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Big appetite, little time

Big appetite, little time

By: Rakell Merci

The timer is set, the challenge is ready, and there’s only one thought running through Nathan Figueroa’s mind: Leave no crumb behind.

Eating challenges aren’t unfamiliar to the 28 year old. He’s eaten a 10-ounce burger, a carton of fries and a seven-layer cake for the Kitchen Sink Challenge at Universal’s Hard Rock Hotel. He’s also scarfed down the Quadruple Bypass Burger, which is commprosed of four half-pound beef patties and eight slices of American cheese, at the Las Vegas Heart Attack Grill.

“I’ve always had a pretty big appetite,” said the half Asian and half Puerto Rican American jokingly.

Though competitive eating isn’t a full-time job, Figueroa said he uploads the eating challenges on his YouTube channel “natefiggs” when he has time.

“I don’t do this every day,” Figueroa said. “I do this once or maybe twice a week, depending on what the contest is.”

Though the cost of traveling can rack up, Figueroa exercises his sport by completing challenges at home or at local competitions.

“The cool thing about it – about this –  I’ve met some really awesome people. I’ve met Matt Stonie, Miki Sudo… really cool people,” he said.

Matt “Megatoad” Stonie is the current Major League Eating  (MLE) champion, and Miki Sudo is the top female champion.  MLE gathers the top competitive eaters to race to eat as much as they can under a set time limit. A goal for most competitive eaters is to join the big leagues and compete against the best eaters of the world. Four of the top 10 eaters: Matt Stonie, Miki Sudo, Sonya “The Black Widow” Thomas and “The Lovely” Juliet Lee are also Asian American.

Despite the prevalence of Asian Americans in the MLE, Figueroa said that he doesn’t think his culture or ethnicity has anything to do with it.

“Here’s the thing, I don’t have a high metabolism,” Figueroa said. “The reason why I don’t blow up like a balloon is because I work it off. I literally have to work my ass off to keep my weight maintained without me adding extra pounds to my body.”

Figueroa also said he doesn’t believe his culture plays a role in his competitive eating abilities, but he was intrigued by the theory.

“I understand what you are saying,” Figueroa said. “There’s something about Asian (American) eating….        Miki has a crazy capacity. It’s kind of weird. I didn’t even think about till now,” Figueroa said.

According to him, fitness is a must for competitive eaters.

“If you look at most competitive eaters, if you see the best competitive eaters in the world, you’ll see that they’re in shape or at least not overweight.”

According to University of Florida food and science professor Laura Acosta, there are some serious risks associated with competitive eating.

“Obviously, the first one would be weight gain, if done on a regular basis,” Acosta said. “There have been some incidents where people vomited, and there have been rare cases of people choking to death.”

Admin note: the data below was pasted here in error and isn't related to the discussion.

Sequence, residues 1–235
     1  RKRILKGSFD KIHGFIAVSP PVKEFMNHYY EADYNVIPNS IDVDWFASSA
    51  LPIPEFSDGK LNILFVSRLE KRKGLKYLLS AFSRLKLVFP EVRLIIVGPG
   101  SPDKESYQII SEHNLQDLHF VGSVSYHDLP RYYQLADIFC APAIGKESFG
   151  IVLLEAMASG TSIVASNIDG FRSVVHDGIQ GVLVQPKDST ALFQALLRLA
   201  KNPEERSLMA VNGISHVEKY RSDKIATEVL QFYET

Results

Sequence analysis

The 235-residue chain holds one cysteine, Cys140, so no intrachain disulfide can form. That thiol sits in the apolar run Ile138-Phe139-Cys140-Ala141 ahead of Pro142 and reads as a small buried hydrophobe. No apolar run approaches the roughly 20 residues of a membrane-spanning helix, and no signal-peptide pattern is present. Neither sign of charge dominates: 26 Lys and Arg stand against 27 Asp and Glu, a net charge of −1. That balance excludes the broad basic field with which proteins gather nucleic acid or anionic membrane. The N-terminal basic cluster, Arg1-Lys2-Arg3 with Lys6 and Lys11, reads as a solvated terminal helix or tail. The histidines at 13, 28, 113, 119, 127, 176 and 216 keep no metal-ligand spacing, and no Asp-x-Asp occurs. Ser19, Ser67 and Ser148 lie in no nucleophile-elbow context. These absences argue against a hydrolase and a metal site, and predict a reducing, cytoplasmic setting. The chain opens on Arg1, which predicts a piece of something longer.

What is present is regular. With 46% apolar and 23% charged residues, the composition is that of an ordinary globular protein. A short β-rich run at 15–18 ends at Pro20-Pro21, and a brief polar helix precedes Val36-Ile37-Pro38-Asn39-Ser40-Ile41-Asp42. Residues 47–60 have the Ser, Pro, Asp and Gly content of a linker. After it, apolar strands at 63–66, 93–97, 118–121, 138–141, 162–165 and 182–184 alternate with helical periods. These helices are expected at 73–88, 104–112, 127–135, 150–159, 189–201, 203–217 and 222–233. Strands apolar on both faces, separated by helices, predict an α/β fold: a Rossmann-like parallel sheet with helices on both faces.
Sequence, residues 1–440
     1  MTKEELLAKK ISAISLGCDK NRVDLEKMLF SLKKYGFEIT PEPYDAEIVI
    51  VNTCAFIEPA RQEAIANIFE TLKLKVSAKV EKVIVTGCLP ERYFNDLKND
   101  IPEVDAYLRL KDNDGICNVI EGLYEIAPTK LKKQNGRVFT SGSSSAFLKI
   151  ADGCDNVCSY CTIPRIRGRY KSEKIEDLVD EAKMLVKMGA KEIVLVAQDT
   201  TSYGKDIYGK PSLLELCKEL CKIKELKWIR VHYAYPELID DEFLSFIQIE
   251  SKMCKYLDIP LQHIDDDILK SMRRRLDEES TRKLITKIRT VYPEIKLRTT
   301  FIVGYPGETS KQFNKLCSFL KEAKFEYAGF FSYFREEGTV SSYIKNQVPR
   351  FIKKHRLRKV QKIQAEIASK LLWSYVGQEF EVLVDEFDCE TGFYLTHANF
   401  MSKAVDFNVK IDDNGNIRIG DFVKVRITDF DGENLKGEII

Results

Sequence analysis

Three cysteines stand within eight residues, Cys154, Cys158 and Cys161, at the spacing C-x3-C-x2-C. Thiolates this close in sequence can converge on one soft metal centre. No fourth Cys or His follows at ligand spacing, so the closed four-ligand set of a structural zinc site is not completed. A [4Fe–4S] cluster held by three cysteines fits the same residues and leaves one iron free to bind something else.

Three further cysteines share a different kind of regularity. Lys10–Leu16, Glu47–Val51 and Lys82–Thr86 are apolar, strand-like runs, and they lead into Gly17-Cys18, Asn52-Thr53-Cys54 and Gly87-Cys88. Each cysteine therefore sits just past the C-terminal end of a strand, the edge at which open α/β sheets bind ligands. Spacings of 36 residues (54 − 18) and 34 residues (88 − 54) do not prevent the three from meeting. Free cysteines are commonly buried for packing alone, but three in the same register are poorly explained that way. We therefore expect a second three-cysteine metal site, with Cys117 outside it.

According to her, training for a competitive eating challenge could stop the digestive system’s ability to contract.

“You could end up with gastroparesis, where the food just sits in the stomach and doesn’t move along,” Acosta said. “That is absolutely a long-term risk.”

But she said that the frequency of competitive eating makes a difference.

“If somebody does this once, (there’s a) much less likely chance these long-term risks will happen compared to someone who does this as a sport or trains for it,” Acosta said.

Figueroa doesn’t deny this risk.

“It’s obviously not a healthy thing, especially if you are doing it on a consistent basis,” he  said. “The way I picture it, I give my body a break from challenge to challenge, contest to contest, so I am OK. I haven’t had any crazy side effects from it.

UF psychology professor Neil Rowland said that, like other competitive sports, competitive eating has more than just physical struggles. 

“Like running a race, at some point, their muscles are going to be screaming at them,” the professor said. “But they push themselves to keep going, keep going, be faster than the next person.”

Figueroa said that this struggle is familiar to him.

“The brain has a good way in telling you it’s disgusting,“ he said. “And it becomes a struggle to complete (the challenge).”

But the obstacles haven’t stopped him from uploading  new eating challenges every week on his YouTube channel.

“I actually do enjoy the food challenges. The only food I don’t really like is pickles,” he said, laughing.

For him, the sport is all about the journey.

“I have no idea (the outcome), but I am just playing it by ear, day by day,” he said.

Figueroa said that he would like to enter a MLE competition with the best eaters, like Stonie and Sudo.

“I love the people who compete,” he said. “And I would have not met these amazing people if I wasn’t doing this weird adventure.” 

His reasons for this “weird  adventure” are simple, but significant.

“The minority of people don’t eat like competitive eaters, and I like being different than other people. It’s fun,” he said. “Be different.”

Featured image courtesy of Nathan Figueroa.

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